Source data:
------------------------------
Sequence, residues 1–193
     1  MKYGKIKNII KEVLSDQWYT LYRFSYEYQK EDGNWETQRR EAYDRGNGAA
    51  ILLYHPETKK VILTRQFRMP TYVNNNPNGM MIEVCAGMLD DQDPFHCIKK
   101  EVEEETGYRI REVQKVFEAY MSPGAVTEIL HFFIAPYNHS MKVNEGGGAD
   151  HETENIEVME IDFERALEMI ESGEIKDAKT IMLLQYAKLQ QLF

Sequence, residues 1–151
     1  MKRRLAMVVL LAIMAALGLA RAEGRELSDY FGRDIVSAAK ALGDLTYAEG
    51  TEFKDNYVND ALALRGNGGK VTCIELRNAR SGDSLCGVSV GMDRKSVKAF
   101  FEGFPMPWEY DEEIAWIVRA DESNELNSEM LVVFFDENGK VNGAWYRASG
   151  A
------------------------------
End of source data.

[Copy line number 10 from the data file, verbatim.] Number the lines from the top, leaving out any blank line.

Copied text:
   151  A